Stories behind the Olympic Park statistics
East Ham MP Steve Timms delves into 2012 skills training SEVERAL hundred Newham residents are now working on the Olympic Park. Seven per cent of all those employed there have a permanent address in Newham – much the largest share of all the London borou
East Ham MP Steve Timms delves into 2012 skills training
SEVERAL hundred Newham residents are now working on the Olympic Park.
Seven per cent of all those employed there have a permanent address in Newham - much the largest share of all the London boroughs.
But who are they and how have they got their jobs? Were many of them previously unemployed? You need to get behind the statistics to find out if the hopes we all had for the Olympics giving new chances to local people are being fulfilled.
Just over two years ago I was visited by a couple worried about their 19- year-old son - I will call him Jim.
He had done well at school and wanted an apprenticeship, to become a plumber or electrician. Construction was booming at the time, but all Jim could find was bar work. He was very discouraged.
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I had just learned about a project of the building company Bovis Lend Lease, which had won the contract to build the Athletes' Village for the Olympics. Called BeOnsite, http://www.beonsite.org.uk/, it was a not-for-profit company to recruit unemployed people for the building industry.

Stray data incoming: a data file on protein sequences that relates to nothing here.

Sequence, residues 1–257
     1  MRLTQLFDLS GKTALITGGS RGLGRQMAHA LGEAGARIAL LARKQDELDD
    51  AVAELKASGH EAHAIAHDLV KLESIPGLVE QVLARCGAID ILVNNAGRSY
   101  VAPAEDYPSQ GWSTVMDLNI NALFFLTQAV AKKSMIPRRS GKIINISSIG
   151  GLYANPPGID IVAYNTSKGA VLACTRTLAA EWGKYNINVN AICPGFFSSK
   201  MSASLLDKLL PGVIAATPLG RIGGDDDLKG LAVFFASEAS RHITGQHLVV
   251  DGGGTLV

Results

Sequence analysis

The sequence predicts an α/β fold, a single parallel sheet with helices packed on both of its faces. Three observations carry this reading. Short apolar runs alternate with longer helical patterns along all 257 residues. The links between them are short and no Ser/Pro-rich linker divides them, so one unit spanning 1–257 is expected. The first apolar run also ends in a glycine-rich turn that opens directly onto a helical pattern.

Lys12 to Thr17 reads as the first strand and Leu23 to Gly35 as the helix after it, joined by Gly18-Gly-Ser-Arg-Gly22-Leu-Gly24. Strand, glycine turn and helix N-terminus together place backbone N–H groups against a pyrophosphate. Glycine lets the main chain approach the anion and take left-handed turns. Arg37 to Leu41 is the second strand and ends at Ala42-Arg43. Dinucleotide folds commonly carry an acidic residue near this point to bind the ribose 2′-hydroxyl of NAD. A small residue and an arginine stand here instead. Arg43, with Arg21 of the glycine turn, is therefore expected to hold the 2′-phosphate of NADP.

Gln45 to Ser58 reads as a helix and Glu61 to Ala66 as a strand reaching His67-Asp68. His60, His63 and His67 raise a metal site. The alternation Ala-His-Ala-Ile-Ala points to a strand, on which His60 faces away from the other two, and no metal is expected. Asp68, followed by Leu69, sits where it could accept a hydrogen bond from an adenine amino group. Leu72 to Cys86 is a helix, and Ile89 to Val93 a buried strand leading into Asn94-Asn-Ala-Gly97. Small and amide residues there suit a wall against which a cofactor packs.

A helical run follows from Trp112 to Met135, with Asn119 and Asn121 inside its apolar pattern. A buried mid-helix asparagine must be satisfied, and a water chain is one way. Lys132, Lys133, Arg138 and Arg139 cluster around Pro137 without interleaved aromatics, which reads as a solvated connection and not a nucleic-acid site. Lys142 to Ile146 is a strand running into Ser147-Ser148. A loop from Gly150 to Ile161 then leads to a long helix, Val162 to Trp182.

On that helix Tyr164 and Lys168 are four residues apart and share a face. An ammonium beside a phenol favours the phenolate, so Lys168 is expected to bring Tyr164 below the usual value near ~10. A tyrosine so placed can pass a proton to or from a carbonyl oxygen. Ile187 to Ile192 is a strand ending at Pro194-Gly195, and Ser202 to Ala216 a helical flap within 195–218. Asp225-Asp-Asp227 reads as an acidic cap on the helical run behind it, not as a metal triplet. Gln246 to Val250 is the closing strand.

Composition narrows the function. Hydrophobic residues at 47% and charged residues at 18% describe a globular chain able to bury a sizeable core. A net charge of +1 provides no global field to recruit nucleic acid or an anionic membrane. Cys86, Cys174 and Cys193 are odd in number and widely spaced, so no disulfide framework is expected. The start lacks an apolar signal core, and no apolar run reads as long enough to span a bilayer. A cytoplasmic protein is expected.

I wrote to see if they could offer any opportunities for Jim. They came up trumps, and Jim went to work. Things started well. Jim's older brother was sufficiently impressed to leave his job of five years as a chef to join BeOnsite himself.
I met up with Jim a couple of weeks ago to hear how the past two years had gone. He was not happy about his experience at BeOnsite. He had worked for most of the two years, but he was out of work for some of the time. He was promised training which was not delivered. He eventually concluded construction wasn't for him, and started a university degree course instead.
Did that mean our hopes for the Olympics to give opportunities to local youngsters were being dashed?
I told BeOnsite what I had heard, and they arranged for me to meet a group of five at Stratford, on the site of the athletes' village, last weekend.
One of them was Jim's brother, who had decided to stick with construction.
Another was a man who had been unemployed and living with his sister in Stratford after a divorce.
Two - including the only woman in the group - were living at Anchor House in Canning Town, after spending time sleeping rough.
And one was a young man who had always wanted to work in building, since helping his Dad, a painter and decorator, even before he left school.
Apart from Jim's brother, they had been referred to BeOnsite by Newham Council's Workplace programme.
All were very positive about what had happened to them. Their experience with BeOnsite had given them a chance - in some cases it had turned their lives around. They were appreciative of the opportunity, and felt they could now see a good career ahead.
Different people have different experiences. I remain optimistic that many in our area will get great opportunities from the Olympics they wouldn't have had otherwise.